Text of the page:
Targeting NGOs

The Centre has, in one fell swoop, revoked the permission to 20,000 NGOs to receive foreign contribution by cancelling their licences under the Foreign Contribution Regulation Act (FCRA). One report says that there are 33,000 NGOs working in the country in different fields. But the number is rather confusing because last year the CBI came out with a report that the number of NGOs operating in the States and Union Territories was 31 lakh. The NGOs started getting targeted during the UPA regime which alleged that some of the foreign-funded NGOs were working against ‘national interest’ by opposing development programmes like setting up nuclear power plants.

‘Development` has no universally accepted definition. For example, the Gandhian paradigm of development is diametrically opposite to the development followed by all the governments in post-independence India. As far as opposition to building nuclear power plants is concerned, it is not confined to India alone. There are many countries which have consciously veered away from nuclear power generation. Some countries have not set up a single nuclear power plant for several decades now. The disposal of the radioactive nuclear waste (spent fuel) from the reactors is a big problem for this waste remains highly radioactive for thousands of years. Those who are against nuclear power plants have solid scientific evidence about the dangers ingrained in nuclear power generation.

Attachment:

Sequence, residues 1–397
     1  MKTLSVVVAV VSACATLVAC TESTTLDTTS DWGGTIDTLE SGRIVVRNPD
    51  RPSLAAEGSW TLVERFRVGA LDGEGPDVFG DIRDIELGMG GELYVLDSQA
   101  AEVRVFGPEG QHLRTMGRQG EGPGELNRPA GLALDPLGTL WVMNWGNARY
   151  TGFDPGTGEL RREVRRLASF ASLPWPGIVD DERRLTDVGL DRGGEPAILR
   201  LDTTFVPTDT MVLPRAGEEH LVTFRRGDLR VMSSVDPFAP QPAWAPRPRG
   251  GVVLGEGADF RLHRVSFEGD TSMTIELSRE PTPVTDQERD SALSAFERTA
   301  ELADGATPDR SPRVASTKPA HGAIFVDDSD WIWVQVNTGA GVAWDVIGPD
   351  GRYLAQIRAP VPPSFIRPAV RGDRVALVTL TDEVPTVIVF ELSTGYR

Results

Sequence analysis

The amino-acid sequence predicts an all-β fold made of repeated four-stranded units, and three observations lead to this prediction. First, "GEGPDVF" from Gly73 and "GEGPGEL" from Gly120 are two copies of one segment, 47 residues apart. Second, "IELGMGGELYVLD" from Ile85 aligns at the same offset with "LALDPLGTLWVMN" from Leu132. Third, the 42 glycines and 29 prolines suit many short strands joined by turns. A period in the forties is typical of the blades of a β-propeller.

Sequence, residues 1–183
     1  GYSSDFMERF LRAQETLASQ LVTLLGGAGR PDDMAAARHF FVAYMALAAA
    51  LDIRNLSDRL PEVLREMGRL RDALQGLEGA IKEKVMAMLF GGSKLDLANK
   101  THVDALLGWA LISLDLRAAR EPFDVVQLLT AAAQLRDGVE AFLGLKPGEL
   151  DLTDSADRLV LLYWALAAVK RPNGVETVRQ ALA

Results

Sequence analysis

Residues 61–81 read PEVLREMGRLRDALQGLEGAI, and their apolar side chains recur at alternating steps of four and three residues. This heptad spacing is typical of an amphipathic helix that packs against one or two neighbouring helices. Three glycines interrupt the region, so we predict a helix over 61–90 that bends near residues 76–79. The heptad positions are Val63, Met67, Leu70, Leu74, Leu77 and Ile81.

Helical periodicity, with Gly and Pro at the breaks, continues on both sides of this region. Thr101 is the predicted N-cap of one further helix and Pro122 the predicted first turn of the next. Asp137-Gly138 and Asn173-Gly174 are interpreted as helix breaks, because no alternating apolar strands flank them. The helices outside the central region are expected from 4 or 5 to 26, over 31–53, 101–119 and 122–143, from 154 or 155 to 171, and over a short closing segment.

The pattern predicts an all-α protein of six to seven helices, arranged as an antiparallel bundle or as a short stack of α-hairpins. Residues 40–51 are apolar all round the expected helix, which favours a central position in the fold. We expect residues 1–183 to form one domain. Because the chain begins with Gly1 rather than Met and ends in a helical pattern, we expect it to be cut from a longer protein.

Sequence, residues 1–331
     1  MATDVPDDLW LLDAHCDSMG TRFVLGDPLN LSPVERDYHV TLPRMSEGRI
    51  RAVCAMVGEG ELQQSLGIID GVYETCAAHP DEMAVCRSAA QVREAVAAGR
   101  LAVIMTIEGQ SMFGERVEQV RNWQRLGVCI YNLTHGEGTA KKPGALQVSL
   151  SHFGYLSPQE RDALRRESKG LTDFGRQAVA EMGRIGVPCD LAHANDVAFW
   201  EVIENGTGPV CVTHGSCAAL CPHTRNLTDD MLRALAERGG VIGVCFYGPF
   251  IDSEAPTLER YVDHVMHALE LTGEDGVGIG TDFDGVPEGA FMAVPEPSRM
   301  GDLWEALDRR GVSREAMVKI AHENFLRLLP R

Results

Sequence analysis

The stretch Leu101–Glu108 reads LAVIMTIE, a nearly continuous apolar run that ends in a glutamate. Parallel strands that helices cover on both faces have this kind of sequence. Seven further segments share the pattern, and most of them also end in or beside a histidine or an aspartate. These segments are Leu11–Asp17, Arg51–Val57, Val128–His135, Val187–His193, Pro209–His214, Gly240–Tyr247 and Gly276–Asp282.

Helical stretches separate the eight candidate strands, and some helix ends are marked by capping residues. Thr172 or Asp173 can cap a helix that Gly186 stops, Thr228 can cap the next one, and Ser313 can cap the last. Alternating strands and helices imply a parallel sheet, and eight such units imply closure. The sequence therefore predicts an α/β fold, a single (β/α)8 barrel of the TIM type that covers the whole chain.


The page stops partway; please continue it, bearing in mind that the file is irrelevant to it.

There may be other ‘development’ programmes like building big dams which also may be opposed on cogent grounds. Medha Patekar’s ‘Narmada Bachao Andolan’ is such a movement. Bodies which oppose development schemes that they perceive to be destructive of ecology and environment are banded together in the National Alliance for People’s Movements (NAPM). Evicting adivasis from their ancestral lands for extraction of minerals lying buried in their land may be considered very necessary for development by some. Others may be totally opposed to such a concept of development. That does not necessarily make them anti-national. In a democratic country there should be a free and open public debate at all levels about the type of development suited for our country.

‘National interest’ – except in the case of national defence against foreign aggression – has no universal definition. National interest is what the ruling party at the Centre at a given point of time thinks it is. If any NGO is found to be engaged in activities that are criminal, it can be proceeded against under the Indian Penal Code or other relevant laws. The wholesale targeting of NGOs is uncalled for because the majority of them are rendering service to the people in different ways.      

Friday, 30 December, 2016